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Tajikistan

Yearbook 2010

Tajikistan. Immediately after the New Year, the Pamir Mountains in eastern Tajikistan were hit by a severe earthquake that left many people homeless in severe cold. As winter passed in unusually sudden heat, large snowfalls followed, which isolated tens of thousands of mountain dwellers and demanded death victims. According to COUNTRYAAH, the fall of the spring then caused landslides with many casualties in hard-to-reach areas.

2010 Tajikistan

The undemocratic regime retained its strong grip. When the parliamentary elections were held in February, the outcome was given. According to the official result, the People's Democratic Party, which despite the name is a political tool for President Emomali Rachmon, received 71 percent of the vote and 55 out of 63 seats in Parliament's House of Commons. The Communist Party with 8.2 percent and the Islamic Renewal Party with 7 percent had to settle for two terms each.

The opposition pointed to many cases of electoral fraud and was supported by election observers from the OSCE, who stated that the election was not free and fair.

In the local elections held in parallel, the president's son Rustam Emomali took a seat in the Dushanbe municipal government. The 23-year-old elite football player with expensive habits is considered to succeed his father. A daughter of the president is Deputy Foreign Minister.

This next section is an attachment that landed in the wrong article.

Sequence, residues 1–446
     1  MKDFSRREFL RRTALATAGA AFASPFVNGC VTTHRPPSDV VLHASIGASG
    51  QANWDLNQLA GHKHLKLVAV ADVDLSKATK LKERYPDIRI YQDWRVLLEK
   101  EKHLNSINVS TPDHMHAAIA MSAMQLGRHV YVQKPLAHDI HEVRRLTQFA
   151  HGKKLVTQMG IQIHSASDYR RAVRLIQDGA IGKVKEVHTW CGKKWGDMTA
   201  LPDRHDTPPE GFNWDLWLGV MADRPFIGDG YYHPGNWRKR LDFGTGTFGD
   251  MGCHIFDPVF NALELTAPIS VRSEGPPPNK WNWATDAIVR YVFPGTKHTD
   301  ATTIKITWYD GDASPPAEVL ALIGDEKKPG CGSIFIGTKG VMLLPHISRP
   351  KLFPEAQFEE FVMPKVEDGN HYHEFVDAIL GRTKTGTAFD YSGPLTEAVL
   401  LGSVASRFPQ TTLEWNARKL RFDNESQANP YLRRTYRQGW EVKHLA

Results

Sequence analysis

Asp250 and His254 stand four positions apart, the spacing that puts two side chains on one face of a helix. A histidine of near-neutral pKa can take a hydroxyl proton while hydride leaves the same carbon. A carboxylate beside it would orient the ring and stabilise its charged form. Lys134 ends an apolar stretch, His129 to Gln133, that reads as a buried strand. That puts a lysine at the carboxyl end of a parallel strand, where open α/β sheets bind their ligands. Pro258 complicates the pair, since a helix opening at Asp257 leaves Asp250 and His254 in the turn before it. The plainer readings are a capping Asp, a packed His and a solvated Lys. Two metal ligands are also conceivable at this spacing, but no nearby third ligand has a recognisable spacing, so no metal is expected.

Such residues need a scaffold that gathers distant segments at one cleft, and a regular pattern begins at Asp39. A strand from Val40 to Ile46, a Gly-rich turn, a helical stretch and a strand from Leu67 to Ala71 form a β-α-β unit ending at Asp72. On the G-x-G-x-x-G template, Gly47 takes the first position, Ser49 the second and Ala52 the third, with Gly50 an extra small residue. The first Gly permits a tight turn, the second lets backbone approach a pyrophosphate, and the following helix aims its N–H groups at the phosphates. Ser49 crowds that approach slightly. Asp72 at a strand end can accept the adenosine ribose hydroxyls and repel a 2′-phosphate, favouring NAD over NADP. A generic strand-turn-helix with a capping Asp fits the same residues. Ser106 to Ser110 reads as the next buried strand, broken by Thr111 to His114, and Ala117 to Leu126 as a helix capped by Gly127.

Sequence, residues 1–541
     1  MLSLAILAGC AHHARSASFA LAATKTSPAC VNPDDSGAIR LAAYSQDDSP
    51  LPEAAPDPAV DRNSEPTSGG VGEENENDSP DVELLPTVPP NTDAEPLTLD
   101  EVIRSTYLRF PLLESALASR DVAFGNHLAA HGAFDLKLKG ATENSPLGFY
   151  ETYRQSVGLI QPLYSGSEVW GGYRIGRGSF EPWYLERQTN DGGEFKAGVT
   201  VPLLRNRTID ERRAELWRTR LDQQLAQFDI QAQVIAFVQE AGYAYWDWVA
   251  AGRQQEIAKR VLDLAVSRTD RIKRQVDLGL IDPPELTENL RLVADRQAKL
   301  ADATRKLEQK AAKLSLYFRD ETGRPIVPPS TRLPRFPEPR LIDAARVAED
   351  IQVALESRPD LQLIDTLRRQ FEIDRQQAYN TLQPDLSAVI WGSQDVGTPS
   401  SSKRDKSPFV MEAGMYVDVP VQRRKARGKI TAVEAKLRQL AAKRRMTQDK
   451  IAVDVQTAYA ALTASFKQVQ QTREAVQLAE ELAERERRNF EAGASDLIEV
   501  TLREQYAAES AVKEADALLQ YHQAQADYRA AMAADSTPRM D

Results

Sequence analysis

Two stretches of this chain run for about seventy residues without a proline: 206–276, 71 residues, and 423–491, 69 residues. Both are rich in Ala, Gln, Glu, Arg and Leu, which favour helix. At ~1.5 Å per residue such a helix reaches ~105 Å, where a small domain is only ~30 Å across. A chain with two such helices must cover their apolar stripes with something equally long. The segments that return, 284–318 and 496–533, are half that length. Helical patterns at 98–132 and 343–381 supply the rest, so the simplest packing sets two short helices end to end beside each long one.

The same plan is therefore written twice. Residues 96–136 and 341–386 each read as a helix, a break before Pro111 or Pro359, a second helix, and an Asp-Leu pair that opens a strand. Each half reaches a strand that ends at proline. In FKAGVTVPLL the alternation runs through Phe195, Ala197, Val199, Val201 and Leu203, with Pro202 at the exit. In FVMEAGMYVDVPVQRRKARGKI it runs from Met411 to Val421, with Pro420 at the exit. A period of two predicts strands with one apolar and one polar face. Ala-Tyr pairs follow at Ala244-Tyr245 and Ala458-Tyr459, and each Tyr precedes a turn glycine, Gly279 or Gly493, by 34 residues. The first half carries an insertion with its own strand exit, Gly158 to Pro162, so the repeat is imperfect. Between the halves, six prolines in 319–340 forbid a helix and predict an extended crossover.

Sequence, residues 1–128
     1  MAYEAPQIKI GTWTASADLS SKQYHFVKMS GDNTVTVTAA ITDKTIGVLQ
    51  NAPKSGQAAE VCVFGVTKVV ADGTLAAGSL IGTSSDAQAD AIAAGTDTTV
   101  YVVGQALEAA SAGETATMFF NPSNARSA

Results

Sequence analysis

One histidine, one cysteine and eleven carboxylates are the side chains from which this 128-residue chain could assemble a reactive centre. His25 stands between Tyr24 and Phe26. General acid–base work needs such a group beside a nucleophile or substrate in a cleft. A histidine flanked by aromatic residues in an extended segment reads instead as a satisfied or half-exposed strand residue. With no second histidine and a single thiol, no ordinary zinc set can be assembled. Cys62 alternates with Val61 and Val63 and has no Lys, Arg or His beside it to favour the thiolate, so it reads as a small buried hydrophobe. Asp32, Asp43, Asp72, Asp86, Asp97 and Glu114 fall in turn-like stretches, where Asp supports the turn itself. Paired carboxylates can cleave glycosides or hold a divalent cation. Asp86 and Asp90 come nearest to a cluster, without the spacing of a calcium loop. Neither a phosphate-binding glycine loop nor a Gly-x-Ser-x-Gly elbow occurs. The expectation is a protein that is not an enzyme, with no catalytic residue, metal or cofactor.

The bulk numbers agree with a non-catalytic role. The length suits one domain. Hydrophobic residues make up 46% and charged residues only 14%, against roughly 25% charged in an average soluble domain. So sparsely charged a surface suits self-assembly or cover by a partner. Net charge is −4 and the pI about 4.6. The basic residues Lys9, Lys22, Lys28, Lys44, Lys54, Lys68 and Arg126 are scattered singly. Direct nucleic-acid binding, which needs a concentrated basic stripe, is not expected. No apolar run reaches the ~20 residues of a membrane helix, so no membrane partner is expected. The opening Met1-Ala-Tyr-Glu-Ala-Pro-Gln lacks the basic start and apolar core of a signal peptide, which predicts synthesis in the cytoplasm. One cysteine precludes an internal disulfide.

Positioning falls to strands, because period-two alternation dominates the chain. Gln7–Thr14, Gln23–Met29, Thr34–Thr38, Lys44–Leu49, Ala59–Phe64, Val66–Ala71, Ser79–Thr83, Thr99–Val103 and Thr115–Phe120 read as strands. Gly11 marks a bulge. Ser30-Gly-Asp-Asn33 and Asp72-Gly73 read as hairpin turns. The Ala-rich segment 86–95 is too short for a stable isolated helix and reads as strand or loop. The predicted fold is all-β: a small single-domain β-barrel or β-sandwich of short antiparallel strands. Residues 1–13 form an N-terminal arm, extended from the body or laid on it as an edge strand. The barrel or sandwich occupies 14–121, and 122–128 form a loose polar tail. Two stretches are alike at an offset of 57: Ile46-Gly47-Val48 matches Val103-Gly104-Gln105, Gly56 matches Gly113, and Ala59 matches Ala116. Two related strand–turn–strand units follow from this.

When 25 prisoners convicted of terrorist plans, murders and coup attempts killed guards and managed to escape from a prison in Dushanbe, the military went on offensive against growing militant Islamists in the poor Rajasthan Valley. There, the dissatisfaction with the regime is strong and guerrilla leaders have remained there since the 1990s civil war. People's dissatisfaction is partly due to a disputed dam construction that threatens to put over 60 villages under water. The military's offensive led to major losses in battles with rebels backed by foreign mercenaries.

In September, a suicide attack was carried out against a police station in the city of Chudzjand in the Fergana Valley. Two police officers were killed and many injured. According to the regime, Uzbekistan's Islamist movement (IMU) was behind it. The movement has strengthened in recent years and is considered to have ties to the al-Qaeda terror network. The council was supposed to take revenge for the regime seizing over a hundred opposition supporters and opponents accused of belonging to illegal groups, mainly Islamist. Shortly after the suicide bombing, a bomb exploded at a nightclub in the capital, Dusjanbe, with injuries as a result.

In October, the regime hit about twenty underground Islamic schools with about 190 pupils in the southern part of the country. In November, the regime claimed that the anti-terrorist campaign launched in September had been successful and only a handful of opponents remained.

Three independent weekly magazines that reported on the military offensive in Rasht Valley were prevented from printing their newspapers during the fall. Several Western ambassadors protested, and after a six-week break, a couple of the magazines, Farazh and Nigoh, were able to come out again.

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